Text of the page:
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In a recent conversation with a prospective client, we were discussing their potential route to market by figuratively walking them through our development programme illustration

Their first comment was that it was less linear and formulaic than they assumed it would be and actually looked more like a snakes and ladders board.

Well, this got me thinking. Is this a good analogy of the product development process? Do you have to be careful of landing on a particular ‘square’ in your development in case it sends you right back to the start?

The simple answer is no, but there are, however, plenty of hurdles throughout and although a particular action won’t catapult you back to the start, key omissions in your programme will.

Is product development a game of chance?

“Snakes and ladders is a game of chance. Product development is not. Actions wont send you backwards, but omissions will.”

The best way to win a game of snakes and ladders is to get to the end square using the quickest possible route. A nice lofty ladder from the start to the end point is a good way to succeed, but getting there is somewhat beyond your control. Every roll of the dice dictates your route and it’s down to chance whether you climb straight to that winning square or go the long way round. The game of product development is less serendipitous.

As a product development consultancy, we often see people who have an incredible innovation but are so eager to get it on the market that they are hell-bent on taking that ladder straight to launch. However, this approach inevitably omits key programme requirements, landing them in a position that will likely snake them back to the start, to address the factors they have missed.

It is no surprise that many innovators try to rush through steps. Product development is no quick process, especially when it comes to medical devices (which can take between three to five years to develop). And without a defined development roadmap, which is only really achieved through frontline experience, it is understandable that many innovators look to partner with a development specialist.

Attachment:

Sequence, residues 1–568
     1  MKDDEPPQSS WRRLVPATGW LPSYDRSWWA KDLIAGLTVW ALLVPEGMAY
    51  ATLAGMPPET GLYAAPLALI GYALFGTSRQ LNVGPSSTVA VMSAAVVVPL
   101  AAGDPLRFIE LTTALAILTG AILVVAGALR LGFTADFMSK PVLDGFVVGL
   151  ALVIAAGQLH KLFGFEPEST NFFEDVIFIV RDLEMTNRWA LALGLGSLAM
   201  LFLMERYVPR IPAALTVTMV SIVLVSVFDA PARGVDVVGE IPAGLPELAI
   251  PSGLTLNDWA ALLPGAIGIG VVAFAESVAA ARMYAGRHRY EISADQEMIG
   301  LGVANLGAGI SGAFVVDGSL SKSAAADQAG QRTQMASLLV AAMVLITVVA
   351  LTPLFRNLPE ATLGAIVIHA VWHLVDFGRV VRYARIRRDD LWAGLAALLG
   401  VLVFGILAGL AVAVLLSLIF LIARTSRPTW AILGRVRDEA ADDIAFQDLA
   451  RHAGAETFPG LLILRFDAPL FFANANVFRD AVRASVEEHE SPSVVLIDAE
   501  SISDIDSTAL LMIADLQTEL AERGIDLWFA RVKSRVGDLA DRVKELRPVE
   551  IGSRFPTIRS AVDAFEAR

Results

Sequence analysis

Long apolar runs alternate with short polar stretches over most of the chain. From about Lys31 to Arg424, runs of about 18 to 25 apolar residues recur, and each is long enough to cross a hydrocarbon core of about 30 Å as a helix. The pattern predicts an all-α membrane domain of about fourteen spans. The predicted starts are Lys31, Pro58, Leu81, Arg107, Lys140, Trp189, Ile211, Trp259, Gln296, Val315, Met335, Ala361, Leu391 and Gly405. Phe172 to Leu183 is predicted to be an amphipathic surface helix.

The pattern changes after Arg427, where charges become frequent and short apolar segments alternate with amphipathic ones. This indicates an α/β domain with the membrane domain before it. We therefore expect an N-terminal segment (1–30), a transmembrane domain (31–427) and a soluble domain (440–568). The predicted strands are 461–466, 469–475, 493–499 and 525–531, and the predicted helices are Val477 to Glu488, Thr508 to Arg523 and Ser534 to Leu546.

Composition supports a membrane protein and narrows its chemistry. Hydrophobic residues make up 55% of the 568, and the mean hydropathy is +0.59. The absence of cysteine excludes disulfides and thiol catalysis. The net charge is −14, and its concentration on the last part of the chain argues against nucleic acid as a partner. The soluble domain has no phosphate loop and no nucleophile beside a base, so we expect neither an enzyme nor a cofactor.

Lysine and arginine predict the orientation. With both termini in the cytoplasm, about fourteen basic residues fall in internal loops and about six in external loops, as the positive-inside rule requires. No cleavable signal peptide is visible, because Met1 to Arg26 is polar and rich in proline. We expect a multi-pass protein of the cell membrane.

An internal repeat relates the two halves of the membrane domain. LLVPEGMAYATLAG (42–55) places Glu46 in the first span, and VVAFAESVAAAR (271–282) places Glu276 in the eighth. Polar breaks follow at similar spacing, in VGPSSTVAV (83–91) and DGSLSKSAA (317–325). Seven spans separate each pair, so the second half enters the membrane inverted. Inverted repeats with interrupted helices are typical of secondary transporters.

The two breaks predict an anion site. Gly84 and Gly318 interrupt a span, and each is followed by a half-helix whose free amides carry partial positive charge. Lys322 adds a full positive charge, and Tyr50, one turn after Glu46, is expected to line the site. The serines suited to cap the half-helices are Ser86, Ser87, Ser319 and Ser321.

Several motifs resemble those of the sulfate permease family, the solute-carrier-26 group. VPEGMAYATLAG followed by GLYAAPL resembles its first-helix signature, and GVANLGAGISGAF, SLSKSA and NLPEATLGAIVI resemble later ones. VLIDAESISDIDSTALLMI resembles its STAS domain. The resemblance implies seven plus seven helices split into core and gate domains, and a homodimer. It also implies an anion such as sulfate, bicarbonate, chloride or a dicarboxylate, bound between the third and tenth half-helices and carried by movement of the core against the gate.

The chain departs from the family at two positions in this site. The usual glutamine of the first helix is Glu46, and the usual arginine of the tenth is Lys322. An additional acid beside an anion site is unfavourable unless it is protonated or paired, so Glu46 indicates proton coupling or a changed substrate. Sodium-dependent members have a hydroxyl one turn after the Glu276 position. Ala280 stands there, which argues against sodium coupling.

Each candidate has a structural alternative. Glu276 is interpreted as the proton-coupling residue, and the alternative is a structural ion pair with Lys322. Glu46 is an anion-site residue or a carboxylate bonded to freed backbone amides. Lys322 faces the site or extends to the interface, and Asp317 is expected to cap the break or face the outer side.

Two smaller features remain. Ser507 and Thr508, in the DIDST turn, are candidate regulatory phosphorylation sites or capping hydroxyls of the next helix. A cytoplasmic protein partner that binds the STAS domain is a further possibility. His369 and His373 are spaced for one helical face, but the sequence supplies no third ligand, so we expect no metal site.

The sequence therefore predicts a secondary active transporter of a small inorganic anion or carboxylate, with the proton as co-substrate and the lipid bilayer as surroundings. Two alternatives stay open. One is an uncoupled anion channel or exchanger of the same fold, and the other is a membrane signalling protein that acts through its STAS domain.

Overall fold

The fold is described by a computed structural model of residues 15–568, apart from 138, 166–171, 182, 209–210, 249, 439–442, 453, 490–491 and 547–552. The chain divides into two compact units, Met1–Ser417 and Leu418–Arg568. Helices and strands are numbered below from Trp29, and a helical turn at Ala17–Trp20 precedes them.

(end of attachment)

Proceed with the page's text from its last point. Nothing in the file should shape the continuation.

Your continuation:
At eg, we have spent years refining our development pathway and have learned along the way, which steps must be factored in and, more importantly, when. Nothing we do is down to chance. Everything is planned, scheduled, reported upon and managed carefully by our team of project managers. This may not be the preferred option for many, some may want to go it alone, but rolling a dice with product development won’t get you very far, as you will only have to return and address the elements you missed. Plan every step of your route to market and leave no stone unturned to avoid any potential snakes.

Failing fast

One of the single most frustrating things when playing snakes and ladders is making your way carefully (some might say luckily) towards the top of the board, only to land on a gargantuan python which takes you back to the start. I have played many games, where I have smugly mocked my daughter as I ploughed ahead and she hit snake after snake, only to see her whizzing past me to the finish line, whilst I take the long descent back to square one!

The moral of that touching story?
1. Play nice…nobody likes a smug opponent.
2. It’s often better to face multiple smaller pitfalls early on in your journey, than one enormous downward spiral towards the end, when you’ve already expended much of your enthusiasm and energy and have much further to climb. And guess what? The same applies when developing a product.